When I was doing my final year thesis project, “Gotta Moo”, I wanted my project to be remembered. I wanted to make a difference in this world. I wanted to design something totally unique and different… something that would define me, and my project. My idea was to come up with a sustainable approach, something that would benefit people and the environment. My aim was to develop and design a friendlier milk packaging solution and an innovative carton design solution, that would stay away from the use of virgin tree papers, plastic and plastic coated paper products as much as possible in the food/beverage industry. Before I even started this project I set out goals for myself and although I faced many roadblocks throughout my process, I did everything possible to reach my goals. Through this I learned that, never let anything get in the way of your goals. If you put all your effort, time and focus into one thing, great results will appear.
How do you know when something you have designed is ‘just right’?
Sometimes it’s hard to tell and for certain projects you realize that, it is the way it is and that is how it shall be (well, with appropriate reasoning of course). Sometimes you need someone else’s perspective on things and to take a few steps back to see the flaws.
What are your inspirations? And who has influenced your work the most?
I am inspired by anything and everything, from music to random things I find. It can be wallpapers, old manuscripts, Swiss typography, Art Nouveau, carpets, curtains, calligraphy, the web. Usually if I am really stuck, I like to browse around design blogs and design books to stir my creativity and to see what is out there.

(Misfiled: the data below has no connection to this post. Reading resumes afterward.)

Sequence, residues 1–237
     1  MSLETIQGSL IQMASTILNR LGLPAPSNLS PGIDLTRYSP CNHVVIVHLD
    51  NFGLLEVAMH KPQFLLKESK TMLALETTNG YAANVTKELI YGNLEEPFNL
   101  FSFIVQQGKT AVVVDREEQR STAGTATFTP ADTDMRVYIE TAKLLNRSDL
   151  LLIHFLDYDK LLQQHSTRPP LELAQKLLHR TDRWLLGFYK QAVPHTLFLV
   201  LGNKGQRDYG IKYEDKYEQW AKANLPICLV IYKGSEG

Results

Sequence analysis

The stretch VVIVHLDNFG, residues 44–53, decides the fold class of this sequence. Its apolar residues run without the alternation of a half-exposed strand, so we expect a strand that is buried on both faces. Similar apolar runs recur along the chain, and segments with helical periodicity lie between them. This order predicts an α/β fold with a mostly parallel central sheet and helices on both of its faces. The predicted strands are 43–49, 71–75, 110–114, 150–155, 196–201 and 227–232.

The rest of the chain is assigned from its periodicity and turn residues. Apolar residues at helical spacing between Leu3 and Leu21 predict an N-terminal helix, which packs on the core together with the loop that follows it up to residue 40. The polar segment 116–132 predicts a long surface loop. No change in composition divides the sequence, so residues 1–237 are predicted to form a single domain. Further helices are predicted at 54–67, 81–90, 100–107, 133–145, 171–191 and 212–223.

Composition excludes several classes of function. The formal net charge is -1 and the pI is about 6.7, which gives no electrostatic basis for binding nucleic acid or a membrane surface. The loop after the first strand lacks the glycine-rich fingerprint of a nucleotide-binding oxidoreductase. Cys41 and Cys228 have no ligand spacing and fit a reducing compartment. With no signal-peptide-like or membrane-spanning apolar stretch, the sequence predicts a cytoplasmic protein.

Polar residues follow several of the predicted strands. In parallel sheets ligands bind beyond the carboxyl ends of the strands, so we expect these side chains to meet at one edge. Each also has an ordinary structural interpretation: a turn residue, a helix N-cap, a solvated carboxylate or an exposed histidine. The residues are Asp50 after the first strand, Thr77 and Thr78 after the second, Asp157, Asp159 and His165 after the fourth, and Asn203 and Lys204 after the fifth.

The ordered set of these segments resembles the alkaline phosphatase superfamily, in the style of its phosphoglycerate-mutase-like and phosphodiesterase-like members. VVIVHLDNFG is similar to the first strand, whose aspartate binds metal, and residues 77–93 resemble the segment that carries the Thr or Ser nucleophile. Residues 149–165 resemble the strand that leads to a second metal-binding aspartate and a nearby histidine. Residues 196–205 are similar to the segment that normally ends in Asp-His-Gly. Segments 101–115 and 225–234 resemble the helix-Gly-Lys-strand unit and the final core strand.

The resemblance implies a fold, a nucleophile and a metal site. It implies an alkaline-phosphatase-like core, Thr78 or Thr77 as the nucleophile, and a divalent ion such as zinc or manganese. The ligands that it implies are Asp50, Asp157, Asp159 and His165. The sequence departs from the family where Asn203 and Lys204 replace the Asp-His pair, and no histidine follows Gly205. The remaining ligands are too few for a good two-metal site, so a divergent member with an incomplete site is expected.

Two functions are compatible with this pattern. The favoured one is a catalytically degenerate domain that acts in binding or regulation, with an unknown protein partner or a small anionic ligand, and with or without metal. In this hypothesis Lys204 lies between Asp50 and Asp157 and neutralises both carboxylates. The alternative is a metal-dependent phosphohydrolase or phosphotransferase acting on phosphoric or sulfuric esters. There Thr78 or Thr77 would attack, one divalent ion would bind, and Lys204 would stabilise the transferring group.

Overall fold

I love and admire the simplicity of modern age Swiss Design. I love the focus on grid systems and the overall impression it offers. I think it’s a classy style that is cleverly structured, geometric, simple and harmonious with a beautiful emphasis on typography. My two all time favorite designers are Herb Lubalin for his ‘craft in typography’ and the master of Swiss Design, Josef Muller-Brockmann. I also admire Jacqueline Casey’s work that also represents the same style as Brockmann.
What is your favorite typeface? And worst?
I don’t really have a ‘favourite’ typeface. I use certain fonts depending on what kind of feel and look fits the project. H&FJ are definitely one of my favorite type foundries. The quality of type they produce is just stunning! Some typefaces that I love are Sentinel, Chronicle, Gotham, Archer, Requim, Verlag, Ziggurat, Mrs. Eaves, Bree, Museo and I really love Calluna but don’t have my hands on them yet. These are a few I can think of… I’m sure my list can go on.